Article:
her thanks, and told her that he had so ill kept his own, that he would not tempt his governor with more; but that if she would give him a shirt or two, and some handkerchiefs, he would keep them as long as he could for her sake. She fetched him some shifts of her own, and some handkerchiefs, saying, that she was ashamed to give them to him, but having none of her son's shirts at home, she desired him to wear them. Thus passed the time till orders came to carry my husband to Whitehall, where, in a little room, (yet standing in the Bowling-green,) he was kept prisoner without the speech of any (so far as they knew) for ten weeks, and in expectation of death. They then examined him, and at last he grew so ill in health, by the cold and hard marches he had undergone, and being pent up in a room close and small, that the scurvy brought him down almost to death's door. During the time of his imprisonment I failed not, constantly, when the clock struck four in the morning, to go with a dark lanthorn in my hand, all alone and on foot, from my lodgings in Chancery Lane, at my cousin Young's, to Whitehall, by the entry that went out of King's Street into the Bowling-green. There I would go under his window, and call him softly. He, excepting the first time, never afterwards failed to put out his head at the first call. Thus we talked together, and sometimes

I was so wet with rain that it went in at my neck, and out at my heels. My husband directed me how to make my addresses for his delivery to the General Cromwell, who had a great respect for your father, and would have bought him off to his service upon any terms.



[WASHINGTON IRVING may be considered the head of that numerous band of prose writers which the United States have produced during the last thirty years. His 'Sketch Book,' which was published in England in 1820, at once raised him to a distinguished eminence as a writer of elegant tastes and just feelings. Many of the papers in that work are on subjects of English manners and scenery. The sentiments which Mr. Irving expressed of the land of his fathers have done much to cherish in America a kind regard for our habits and associations. Other writers have taken less friendly views; and it must be owned that we have many sins to answer for ourselves, of fomenting differences, and encouraging prejudices, which ought never to exist amongst those who speak a common language, have a common literature, and are brethren "by titles manifold." Mr. Irving is also the author of a very clever and original work of fiction, Knickerbocker's History of New York,'-of 'Bracebridge Hall;' of Tales of a Traveller;' of 'The Life and Voyages of Columbus;' of 'The Conquest of Granada;' of 'Astoria,' &c. &c. It is one of the disgraces of our own day (a disgrace which will soon compel a remedy), that the works of Mr. Irving, as a foreigner, have no protection in the English laws of copyright, although some of the more important were originally published in this country. The law should be rendered just, without the least regard to transatlantic notions of justice.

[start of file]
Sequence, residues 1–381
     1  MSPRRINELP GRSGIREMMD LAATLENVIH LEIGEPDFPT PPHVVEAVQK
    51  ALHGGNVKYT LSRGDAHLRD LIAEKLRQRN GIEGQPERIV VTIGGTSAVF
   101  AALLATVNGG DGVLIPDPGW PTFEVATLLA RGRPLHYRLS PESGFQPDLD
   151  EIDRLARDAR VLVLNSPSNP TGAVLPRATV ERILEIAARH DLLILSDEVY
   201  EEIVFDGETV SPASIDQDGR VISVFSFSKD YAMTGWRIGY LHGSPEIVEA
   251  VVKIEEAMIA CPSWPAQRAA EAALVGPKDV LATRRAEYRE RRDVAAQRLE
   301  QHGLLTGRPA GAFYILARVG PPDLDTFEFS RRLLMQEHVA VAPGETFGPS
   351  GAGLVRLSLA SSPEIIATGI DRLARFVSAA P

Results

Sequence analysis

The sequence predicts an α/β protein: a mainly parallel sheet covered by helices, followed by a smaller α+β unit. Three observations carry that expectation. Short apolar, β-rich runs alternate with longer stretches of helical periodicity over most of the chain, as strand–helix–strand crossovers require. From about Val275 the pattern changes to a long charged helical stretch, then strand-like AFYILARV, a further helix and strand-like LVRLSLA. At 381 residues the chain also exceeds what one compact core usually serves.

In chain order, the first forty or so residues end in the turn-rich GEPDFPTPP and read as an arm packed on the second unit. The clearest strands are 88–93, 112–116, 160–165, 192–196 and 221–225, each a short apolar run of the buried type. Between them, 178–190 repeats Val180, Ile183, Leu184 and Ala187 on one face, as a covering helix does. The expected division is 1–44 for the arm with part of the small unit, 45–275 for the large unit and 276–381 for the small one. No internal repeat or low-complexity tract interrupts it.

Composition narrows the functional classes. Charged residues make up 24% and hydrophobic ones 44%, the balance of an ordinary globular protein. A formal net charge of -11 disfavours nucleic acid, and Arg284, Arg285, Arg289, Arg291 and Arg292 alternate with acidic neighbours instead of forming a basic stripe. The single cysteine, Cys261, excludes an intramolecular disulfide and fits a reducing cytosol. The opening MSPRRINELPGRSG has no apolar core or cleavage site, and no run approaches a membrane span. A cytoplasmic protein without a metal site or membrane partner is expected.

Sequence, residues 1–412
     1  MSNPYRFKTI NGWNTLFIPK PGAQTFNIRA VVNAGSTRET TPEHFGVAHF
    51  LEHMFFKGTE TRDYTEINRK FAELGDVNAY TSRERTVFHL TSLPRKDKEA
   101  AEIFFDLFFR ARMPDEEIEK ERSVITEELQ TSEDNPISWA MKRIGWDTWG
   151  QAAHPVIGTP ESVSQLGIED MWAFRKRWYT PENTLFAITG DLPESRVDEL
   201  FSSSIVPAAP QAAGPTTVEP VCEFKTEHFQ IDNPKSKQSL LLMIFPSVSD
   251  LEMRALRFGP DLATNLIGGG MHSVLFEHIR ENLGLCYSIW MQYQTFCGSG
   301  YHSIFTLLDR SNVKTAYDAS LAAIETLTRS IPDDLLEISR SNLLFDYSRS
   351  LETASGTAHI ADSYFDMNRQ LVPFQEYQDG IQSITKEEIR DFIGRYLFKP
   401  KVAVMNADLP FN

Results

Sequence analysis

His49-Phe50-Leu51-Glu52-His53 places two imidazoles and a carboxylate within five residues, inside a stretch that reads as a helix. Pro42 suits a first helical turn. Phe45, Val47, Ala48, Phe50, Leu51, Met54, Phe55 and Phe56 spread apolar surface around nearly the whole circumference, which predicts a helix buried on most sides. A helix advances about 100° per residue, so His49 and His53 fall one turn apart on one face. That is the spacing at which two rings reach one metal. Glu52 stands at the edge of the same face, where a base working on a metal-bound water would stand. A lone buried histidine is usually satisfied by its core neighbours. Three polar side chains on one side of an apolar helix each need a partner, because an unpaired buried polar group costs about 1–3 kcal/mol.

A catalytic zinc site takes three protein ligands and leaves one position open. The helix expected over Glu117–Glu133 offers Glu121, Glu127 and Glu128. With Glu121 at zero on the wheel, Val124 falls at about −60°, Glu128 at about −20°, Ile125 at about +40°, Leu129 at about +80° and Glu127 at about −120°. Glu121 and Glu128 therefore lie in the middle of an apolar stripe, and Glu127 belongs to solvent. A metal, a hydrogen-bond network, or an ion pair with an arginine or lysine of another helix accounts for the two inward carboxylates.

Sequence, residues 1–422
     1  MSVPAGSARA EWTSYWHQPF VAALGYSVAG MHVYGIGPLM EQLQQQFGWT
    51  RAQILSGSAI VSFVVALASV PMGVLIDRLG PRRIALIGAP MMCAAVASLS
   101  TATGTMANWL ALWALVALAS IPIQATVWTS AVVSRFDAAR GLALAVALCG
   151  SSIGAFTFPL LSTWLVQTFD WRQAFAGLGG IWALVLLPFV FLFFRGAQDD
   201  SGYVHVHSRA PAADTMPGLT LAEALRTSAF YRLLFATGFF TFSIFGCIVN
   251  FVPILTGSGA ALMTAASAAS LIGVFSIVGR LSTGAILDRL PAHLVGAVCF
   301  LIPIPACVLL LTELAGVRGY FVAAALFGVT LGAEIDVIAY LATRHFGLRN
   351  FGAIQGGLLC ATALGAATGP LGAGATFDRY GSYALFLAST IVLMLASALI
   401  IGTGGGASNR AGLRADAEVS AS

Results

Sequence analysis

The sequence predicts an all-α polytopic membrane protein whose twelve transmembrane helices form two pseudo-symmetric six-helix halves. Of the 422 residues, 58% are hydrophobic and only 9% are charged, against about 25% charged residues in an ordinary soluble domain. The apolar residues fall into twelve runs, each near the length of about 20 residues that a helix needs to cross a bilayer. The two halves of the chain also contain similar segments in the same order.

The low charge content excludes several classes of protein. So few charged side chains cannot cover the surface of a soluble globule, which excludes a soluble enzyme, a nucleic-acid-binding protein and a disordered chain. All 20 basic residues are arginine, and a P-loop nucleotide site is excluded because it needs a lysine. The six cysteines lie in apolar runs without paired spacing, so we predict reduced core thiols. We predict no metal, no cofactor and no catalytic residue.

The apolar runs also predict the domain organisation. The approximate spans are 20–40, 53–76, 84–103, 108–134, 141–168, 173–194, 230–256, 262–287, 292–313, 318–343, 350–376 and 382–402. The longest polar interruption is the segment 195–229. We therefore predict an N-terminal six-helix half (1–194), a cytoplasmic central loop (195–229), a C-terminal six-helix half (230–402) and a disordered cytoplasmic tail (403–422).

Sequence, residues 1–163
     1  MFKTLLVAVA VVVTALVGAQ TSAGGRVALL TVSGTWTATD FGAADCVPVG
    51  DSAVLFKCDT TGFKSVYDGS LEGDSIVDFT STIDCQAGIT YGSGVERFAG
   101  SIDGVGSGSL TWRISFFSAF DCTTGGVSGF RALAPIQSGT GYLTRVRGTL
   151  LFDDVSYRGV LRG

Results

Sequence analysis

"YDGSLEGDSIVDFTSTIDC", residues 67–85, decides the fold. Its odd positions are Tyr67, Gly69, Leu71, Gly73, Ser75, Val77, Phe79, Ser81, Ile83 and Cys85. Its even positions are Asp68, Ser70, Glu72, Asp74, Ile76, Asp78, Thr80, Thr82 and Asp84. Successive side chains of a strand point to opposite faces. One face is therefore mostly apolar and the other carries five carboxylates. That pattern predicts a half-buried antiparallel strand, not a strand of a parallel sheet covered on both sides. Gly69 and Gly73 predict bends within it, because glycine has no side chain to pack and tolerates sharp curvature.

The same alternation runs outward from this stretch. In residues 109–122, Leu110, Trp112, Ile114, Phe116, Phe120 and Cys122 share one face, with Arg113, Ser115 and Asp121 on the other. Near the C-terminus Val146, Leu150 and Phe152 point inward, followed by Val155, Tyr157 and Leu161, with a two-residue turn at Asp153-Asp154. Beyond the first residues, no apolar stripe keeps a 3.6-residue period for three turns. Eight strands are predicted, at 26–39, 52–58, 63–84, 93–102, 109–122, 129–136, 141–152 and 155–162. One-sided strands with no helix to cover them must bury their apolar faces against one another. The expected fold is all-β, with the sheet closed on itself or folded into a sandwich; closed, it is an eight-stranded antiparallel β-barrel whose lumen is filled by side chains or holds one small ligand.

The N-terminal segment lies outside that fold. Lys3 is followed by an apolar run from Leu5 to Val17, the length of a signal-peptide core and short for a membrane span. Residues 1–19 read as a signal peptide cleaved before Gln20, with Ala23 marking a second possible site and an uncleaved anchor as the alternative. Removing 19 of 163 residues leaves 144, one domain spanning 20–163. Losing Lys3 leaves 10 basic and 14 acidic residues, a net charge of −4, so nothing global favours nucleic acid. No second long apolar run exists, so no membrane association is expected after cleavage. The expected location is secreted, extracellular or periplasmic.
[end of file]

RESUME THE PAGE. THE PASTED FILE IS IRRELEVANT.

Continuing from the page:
The stranger who would form a correct opinion of the English character, must not confine his observations to the metropolis. He must go forth into the country; he must sojourn in villages and hamlets; he must visit castles, villas, farm-houses, cottages; he must wander through parks and gardens; along hedges and green lanes; he must loiter about country churches; attend wakes and fairs, and other rural festivals; and cope with the people in all their conditions, and all their habits and humours.

In some countries the large cities absorb the wealth and fashion of the nation; they are the only fixed abodes of elegant and intelligent society, and the country is inhabited almost entirely by boorish peasantry. In England, on the contrary, the